Did you know that there are more than 4 million people in the U.S. who wear braces? And if you’re thinking that this number only includes children or teenagers, we’re here to tell you that 25% of people who wear braces are adults.
Having a teeth misalignment in one form or another is one of the most common dental issues on the planet, with having a “bad bite” a close second. If you’re dealing with an overbite, you’re in good company.
Keep on reading to learn all about getting braces for an overbite, how it all works, and when you should be starting your treatment.
What Is an Overbite?
Let’s start with the basics. An overbite is a term used to describe a case of the upper teeth extending well past the lower teeth.
Also known as “buck teeth,” your orthodontist will have to diagnose your case, then categorize the overbite as normal, moderate, or severe, depending on exactly how far your top teeth extend past your lower teeth.
Getting Braces for an Overbite: How Does It Work?
You might be thinking that braces are only used to fix spacing issues for your teeth, not really overbites.
Braces are actually rather effective for treating the main majority of overbite problems. Your dentist will start by getting dental x-rays to properly assess your case and identify whether braces would work for you.
If yes, you’ll be getting braces that are attached to the top and the bottom arches of your teeth. The archwire will work on straightening and aligning your teeth, then elastics will be used to gently shift your jawline into the right position.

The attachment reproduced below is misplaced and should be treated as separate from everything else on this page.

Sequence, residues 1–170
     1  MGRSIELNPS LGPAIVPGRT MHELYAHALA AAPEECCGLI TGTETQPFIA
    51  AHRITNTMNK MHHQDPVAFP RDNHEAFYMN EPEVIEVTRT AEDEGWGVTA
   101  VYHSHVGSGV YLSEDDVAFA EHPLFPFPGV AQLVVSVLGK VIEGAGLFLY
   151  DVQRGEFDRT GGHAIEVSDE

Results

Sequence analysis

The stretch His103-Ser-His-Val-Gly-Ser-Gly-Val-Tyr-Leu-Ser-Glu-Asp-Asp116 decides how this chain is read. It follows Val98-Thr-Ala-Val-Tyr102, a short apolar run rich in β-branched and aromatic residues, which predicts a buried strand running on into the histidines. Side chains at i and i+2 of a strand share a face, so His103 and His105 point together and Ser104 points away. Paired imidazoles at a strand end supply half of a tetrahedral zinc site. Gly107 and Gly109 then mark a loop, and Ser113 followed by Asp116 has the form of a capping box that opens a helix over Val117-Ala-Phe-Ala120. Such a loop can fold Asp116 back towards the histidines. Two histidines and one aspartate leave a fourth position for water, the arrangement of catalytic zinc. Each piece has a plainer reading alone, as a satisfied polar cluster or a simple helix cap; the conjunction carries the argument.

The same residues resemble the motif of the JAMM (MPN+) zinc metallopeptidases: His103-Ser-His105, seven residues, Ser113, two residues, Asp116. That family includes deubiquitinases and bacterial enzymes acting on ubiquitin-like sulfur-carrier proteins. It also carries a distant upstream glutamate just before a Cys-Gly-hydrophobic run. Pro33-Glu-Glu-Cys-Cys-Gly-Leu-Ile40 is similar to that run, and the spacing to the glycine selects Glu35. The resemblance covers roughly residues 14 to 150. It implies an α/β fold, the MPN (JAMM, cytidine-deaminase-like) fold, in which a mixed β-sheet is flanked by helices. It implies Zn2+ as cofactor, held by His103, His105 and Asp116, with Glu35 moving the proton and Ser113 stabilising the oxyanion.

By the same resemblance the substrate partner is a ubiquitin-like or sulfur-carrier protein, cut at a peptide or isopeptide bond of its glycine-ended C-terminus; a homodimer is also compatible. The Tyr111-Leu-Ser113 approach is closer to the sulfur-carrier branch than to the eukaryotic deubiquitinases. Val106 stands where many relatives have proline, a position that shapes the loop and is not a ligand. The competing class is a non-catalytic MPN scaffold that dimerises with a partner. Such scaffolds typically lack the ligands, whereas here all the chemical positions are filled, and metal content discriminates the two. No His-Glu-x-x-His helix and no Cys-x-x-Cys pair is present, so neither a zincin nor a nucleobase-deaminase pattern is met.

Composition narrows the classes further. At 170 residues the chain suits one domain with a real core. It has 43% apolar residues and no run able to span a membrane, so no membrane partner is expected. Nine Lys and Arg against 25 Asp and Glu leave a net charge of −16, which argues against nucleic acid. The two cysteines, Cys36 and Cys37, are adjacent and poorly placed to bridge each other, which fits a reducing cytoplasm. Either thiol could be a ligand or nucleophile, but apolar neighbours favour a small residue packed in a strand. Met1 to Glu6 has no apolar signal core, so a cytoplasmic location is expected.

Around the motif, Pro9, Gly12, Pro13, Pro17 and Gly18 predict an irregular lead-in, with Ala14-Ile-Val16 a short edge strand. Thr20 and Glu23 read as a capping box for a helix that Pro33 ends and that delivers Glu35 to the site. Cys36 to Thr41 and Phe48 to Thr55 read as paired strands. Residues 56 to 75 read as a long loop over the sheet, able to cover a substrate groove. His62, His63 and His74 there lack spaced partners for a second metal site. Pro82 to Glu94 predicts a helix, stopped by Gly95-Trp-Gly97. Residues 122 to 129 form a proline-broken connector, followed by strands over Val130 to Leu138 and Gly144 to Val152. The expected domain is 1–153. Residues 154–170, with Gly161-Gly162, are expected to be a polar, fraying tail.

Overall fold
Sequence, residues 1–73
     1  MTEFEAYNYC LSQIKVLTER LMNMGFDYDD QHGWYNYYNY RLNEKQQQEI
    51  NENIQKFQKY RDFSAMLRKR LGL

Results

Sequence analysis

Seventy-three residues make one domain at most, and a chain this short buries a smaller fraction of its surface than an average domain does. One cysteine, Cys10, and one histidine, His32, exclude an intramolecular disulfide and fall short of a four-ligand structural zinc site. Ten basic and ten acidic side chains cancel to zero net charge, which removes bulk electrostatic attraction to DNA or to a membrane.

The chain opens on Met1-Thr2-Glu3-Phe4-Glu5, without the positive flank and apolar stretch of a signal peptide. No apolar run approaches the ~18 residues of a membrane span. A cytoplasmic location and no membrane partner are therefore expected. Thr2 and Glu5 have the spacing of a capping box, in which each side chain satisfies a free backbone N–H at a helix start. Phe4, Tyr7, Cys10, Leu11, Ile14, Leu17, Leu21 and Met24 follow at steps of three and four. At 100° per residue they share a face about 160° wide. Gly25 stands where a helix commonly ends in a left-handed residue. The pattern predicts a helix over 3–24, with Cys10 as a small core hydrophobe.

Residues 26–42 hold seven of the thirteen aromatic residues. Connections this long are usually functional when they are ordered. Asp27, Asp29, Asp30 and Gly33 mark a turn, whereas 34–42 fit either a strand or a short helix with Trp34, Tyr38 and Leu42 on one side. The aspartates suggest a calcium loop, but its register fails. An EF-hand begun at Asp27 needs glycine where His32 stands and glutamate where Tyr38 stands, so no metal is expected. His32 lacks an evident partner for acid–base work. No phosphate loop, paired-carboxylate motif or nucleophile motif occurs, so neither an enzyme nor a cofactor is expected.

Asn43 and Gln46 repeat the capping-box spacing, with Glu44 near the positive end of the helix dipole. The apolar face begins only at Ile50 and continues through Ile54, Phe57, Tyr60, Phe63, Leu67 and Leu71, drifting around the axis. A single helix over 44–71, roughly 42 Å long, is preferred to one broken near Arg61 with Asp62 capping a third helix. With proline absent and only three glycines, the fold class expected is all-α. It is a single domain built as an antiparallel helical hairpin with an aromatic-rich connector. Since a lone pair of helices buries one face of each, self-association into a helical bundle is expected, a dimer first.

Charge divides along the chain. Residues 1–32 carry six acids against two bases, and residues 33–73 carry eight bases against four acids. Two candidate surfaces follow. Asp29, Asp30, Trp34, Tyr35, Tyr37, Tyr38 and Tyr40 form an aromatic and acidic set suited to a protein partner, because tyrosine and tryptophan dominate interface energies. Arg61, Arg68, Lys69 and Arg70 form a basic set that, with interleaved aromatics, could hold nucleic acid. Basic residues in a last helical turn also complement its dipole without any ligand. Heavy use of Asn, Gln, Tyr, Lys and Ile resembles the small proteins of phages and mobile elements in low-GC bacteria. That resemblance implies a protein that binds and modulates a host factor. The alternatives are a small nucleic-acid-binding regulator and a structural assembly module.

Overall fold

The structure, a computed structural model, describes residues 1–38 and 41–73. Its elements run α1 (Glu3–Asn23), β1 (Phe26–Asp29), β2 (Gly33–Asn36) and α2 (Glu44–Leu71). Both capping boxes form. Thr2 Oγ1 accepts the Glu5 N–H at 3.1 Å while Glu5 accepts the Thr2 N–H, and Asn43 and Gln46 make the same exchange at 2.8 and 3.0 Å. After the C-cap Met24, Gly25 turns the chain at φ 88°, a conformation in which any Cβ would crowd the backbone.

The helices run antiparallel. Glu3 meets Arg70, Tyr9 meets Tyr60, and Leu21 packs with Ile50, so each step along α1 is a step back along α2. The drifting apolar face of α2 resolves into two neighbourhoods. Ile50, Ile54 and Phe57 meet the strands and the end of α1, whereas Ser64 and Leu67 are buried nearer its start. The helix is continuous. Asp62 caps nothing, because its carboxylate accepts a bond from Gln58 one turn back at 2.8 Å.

These bands are responsible for shifting your teeth and jaw, and you can remove them before drinking, eating, or brushing your teeth. After the process is complete, you’ll be asked to wear either a retainer or have a permanent wire to keep your teeth and jaw in the right place.
When Should Your Treatment Begin?
Once your orthodontist has decided that it’s time for you to get braces, the earlier you get them for your overbite, the better off you’ll be in the long-term.
The issue with having an overbite isn’t merely cosmetic in nature, you might be already grinding your teeth or clenching your jaw, which can cause substantial damage to your teeth.
To prevent other problems from popping up like tooth decay, gum disease, and even dealing with headaches and jaw pain, you’ll want to start your treatment process as soon as possible.
Ready for Your Teeth to Shine (Literally)?
Once you disregard some of the silly pop-culture notions about getting braces for an overbite, you’ll see the benefits once you’re done with the process.
It’ll take some time, but you won’t only be saving yourself a lot of pain and suffering, but also preventing other health risks, like heart problems, from occurring in the first place. We hope that our little guide gave you enough solid information to start your search and speak to your orthodontist about your options.
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